Safe and Sound

Commerce Bank Texas

Stockdale, TX
4
Star Rating
Commerce Bank Texas is a Stockdale, TX-based, FDIC-insured bank dating back to 1932. The bank holds equity of $9.3 million on assets of $52.1 million, according to December 31, 2017, regulatory filings.

U.S. bank customers have $42.7 million on deposit at 2 offices in TX run by 9 full-time employees. With that footprint, the bank has amassed loans and leases worth $36.1 million, $31.5 million of which are for real estate.

Overall, Bankrate believes that, as of December 31, 2017, Commerce Bank Texas exhibited a good condition, earning 4 out of 5 stars for safety and soundness. Here's a look at how the bank fared on the three important criteria Bankrate used to evaluate American banks.

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THE INSTITUTION'S SCORE

Capital Score

When it comes to measuring an a bank's financial resilience, capital is crucial. It works as a bulwark against losses and affords protection for depositors when a bank is experiencing economic instability. When looking at safety and soundness, the more capital, the better.

Commerce Bank Texas did better than the national average of 13.13 points on our test to measure the adequacy of a bank's capital, receiving a score of 18 out of a possible 30 points.

One important measure of this buffer is a bank's Tier 1 capital ratio. Commerce Bank Texas's Tier 1 capital ratio was 20.33 percent, higher than the 6 percent level regulators consider adequate, but below the national average of 25.65 percent. The higher the capital ratio, the better the bank will be able to weather economic difficulties.

Overall, Commerce Bank Texas held equity amounting to 17.78 percent of its assets, which exceeded the national average of 12.03 percent.

Asset Quality Score

This test's purpose is to estimate how the bank's loan loss reserves and overall capitalization could be affected by troubled assets, such as unpaid loans.

A bank with large numbers of these types of assets may eventually be required to use capital to cover losses, diminishing its equity cushion. Many of those assets are also likely to be in non-accrual status and thus aren't earning money, pushing down earnings and increasing the chances of a future failure.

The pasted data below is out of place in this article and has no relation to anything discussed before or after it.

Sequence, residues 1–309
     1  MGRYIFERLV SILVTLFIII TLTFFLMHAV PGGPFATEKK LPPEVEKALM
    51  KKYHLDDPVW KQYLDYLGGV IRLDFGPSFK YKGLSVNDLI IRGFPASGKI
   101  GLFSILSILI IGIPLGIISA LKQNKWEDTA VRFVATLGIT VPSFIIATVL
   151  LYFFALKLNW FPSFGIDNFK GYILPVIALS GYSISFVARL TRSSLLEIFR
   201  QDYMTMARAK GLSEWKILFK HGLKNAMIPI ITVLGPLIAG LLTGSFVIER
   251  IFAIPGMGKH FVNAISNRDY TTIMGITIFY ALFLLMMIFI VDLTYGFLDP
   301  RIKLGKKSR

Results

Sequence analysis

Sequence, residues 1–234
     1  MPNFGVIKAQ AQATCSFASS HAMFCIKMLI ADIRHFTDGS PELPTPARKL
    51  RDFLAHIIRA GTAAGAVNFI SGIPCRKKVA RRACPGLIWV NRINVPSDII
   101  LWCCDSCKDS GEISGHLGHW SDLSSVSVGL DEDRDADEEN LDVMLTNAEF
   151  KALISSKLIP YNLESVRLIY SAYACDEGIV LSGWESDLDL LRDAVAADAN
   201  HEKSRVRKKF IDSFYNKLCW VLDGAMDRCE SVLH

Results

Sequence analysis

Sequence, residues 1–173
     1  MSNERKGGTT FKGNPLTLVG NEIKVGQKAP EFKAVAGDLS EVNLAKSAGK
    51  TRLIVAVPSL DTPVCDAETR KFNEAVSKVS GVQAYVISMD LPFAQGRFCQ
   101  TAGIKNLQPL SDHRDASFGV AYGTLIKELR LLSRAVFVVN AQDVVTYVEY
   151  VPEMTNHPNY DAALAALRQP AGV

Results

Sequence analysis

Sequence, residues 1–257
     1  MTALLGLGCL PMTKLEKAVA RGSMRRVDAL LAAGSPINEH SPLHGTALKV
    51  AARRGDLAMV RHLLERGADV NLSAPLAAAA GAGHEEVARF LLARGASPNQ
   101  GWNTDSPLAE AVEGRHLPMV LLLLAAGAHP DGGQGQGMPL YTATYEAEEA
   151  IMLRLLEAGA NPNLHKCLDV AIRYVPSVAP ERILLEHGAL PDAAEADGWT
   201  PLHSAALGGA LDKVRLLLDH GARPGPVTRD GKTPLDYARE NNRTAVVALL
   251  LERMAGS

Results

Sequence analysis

Commerce Bank Texas scored below the national average of 37.49 on Bankrate's test of asset quality, racking up 36 out of a possible 40 points .

A helpful indicator of asset quality is the percentage of problem assets a bank holds compared to its total assets. As of December 31, 2017, 2.45 percent of Commerce Bank Texas's loans were noncurrent -- in other words, they were more than 90 days past due or were in non-accrual status. That's above the national average of 1.01 percent.

Banks keep a reserve to deal with troubled assets known as an "allowance for loan and lease losses." That reserve's size can be a widely used indicator when evaluating a bank's ability to manage problem assets, especially when compared to the total amount of problematic loans. Unfortunately, the FDIC did not provide information on Commerce Bank Texas's loan loss allowance in its most recent filings.

Earnings score

A bank's profitability affects its long-term survivability. A bank can retain its earnings, expanding its capital cushion, or put them to work addressing problematic loans, likely making the bank more resilient in times of trouble. Losses, on the other hand, reduce a bank's ability to do those things.

Commerce Bank Texas scored 12 out of a possible 30 on Bankrate's earnings test, less than the national average of 15.12.

Return on equity, calculated by dividing net income (profit, basically) by the total amount of equity, is one important way to measure a bank's earnings. The most recent annualized quarterly return on equity for Commerce Bank Texas was 5.51 percent, below the national average of 8.10 percent.

The bank earned net income of $501,000 on total equity of $9.3 million for the twelve months ended December 31, 2017. The bank reported an annualized return on average assets, or ROA, of 0.93 percent, below the 1 percent deemed satisfactory in accordance with industry standards and below the average for U.S. banks of 1.00 percent.

WHAT IS SAFE & SOUND?

Bankrate.com's Safe & Sound Ratings provide a star rating system to evaluate the current financial status of financial institutions. The information gathered about banks, credit unions and thrifts is updated as set forth in the Terms of Use of Safe & Sound Ratings and Reports. The Safe & Sound Ratings information is grouped by categories of banks, thrifts and credit unions.

Scoring methodology

Bankrate.com evaluates the financial condition of institutions and assigns a one- to five-star rating for each with five stars representing the highest rating. Institutions with satisfactory performance will generally receive a rating of three or more stars. The majority of institutions fall into the three- to four-star range. An institution with an "NR" rating may be too new to rate or may have limited the publicly available information in their regulatory filings. The "NR" is not an indication of financial strength or weakness. The Safe & Sound rating is believed to be reliable, but the information is not guaranteed. In addition, events since the information was collected may have altered the institution's financial condition.